IHC Cub Cadet Forum -- Questions and answers to all of your Cadet related issues.
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Well,I guess I'm ready to start on my cub cadet.My first question is--what is the first section i should start on? Is it the engine,taking it completely apart down to the last nut.Do I strip everything down on the entire tractor.What is the best way to keep things together,in boxes,doing things in sections and setting them on a shelf when finished so i can put everything back together at one time? i plan on taking lots of pictures and videos.I have downloaded all the manuals i could find.I plan on printing off and binding the manuals by sections as i get to them.I know i have a lot of questions,but i want to be able to find where everything goes and where i have put everything in the shop until i need it.Any ideas or thoughts would be of great help.Thanks Rick
Here's a link to my latest restoration, just finished over this winter. This was a complete tear-down and rebuild, however, I did have a new motor, so I did not do any restoration of the motor itself.
As for sorting/storage, I tend to keep nuts/bolts in ziplock bags, either taped to the individual part, laying with the part, or I write on the bag with a Sharpie. In reality, these tractors are pretty simple, and there are very few bolts that interchange, so if you keep the groups of bolts together in a bag, per part (or assembly like fenders) then the bag typically reminds you where they go.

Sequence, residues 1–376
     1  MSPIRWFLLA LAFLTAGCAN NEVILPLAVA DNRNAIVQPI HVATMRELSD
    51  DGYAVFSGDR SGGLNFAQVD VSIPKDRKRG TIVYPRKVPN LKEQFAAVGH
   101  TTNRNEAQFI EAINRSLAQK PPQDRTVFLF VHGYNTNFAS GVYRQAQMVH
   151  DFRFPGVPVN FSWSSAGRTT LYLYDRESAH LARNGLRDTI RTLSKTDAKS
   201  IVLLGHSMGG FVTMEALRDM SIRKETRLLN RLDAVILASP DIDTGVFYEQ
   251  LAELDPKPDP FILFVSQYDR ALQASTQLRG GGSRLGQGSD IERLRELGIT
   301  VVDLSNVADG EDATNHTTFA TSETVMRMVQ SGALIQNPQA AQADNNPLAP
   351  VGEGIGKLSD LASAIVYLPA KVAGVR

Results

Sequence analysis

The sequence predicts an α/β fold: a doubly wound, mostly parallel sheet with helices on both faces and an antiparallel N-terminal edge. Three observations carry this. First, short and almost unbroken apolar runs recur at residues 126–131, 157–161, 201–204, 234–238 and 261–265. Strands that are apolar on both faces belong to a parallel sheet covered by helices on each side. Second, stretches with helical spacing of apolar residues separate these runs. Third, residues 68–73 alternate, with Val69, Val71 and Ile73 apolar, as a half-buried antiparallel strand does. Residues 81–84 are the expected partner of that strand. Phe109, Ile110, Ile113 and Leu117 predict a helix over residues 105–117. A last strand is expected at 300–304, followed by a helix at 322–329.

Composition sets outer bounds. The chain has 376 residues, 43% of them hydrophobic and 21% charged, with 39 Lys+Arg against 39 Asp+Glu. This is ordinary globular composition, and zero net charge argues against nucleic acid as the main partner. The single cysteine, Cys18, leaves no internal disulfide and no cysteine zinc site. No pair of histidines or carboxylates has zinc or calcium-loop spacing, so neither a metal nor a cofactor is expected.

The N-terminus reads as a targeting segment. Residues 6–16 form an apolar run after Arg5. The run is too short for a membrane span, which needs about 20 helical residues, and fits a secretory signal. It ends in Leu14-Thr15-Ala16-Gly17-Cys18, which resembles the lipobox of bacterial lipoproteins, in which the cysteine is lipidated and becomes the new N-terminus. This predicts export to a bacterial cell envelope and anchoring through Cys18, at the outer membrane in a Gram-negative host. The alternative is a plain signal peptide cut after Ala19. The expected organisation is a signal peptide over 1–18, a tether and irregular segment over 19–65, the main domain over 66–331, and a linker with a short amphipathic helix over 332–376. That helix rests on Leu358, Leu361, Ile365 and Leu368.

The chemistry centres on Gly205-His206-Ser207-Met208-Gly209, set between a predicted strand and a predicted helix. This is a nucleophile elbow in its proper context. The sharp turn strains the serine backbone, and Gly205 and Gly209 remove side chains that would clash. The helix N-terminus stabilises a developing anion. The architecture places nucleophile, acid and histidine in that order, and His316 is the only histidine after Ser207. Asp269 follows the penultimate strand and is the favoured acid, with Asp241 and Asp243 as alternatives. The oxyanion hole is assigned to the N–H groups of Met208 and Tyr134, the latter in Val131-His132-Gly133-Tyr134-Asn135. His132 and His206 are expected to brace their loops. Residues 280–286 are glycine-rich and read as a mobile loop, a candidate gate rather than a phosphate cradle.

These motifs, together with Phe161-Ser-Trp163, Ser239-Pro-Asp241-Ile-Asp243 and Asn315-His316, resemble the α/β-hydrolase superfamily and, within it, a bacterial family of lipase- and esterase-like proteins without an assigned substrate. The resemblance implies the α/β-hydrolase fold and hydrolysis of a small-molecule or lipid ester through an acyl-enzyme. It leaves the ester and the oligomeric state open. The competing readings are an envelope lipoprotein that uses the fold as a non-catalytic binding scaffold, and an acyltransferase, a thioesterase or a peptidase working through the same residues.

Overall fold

Also, I've learned to take LOTS of photos before disassembly. Close up photos of important items, just before disassembly, can be invaluable when you go to put it back together. On the project above, one of the most important pictures was the wiring to the starter/generator. A quick look back on my phone, and I had the generator wired back up correctly the first time, in about 2-minutes, after being apart for months.
Couldn't agree enough with Bill. Pictures, pictures, pictures; especially if this is your first redo of a Cadet or anything like it.
Get yourself the parts manual for your model that has exploded views and part numbers. Use the Ziplock (or cheaper version) storage bags and be faithful to write down the quantity, part number and even the page number from the parts manual on the bag with a Sharpie. This will help in the long run. I've regretted having moved too fast through the tear-down stage, only to realize I can't find a part, a woodruff key, or some such piece I need later when trying to reassemble. Then you can get boxes and keep related baggies together: seat assembly, tower, engine, generator, etc.
If you can discipline yourself: picture(s), remove, bag/record, move on to the next part.
My 1945 Farmall H makeover
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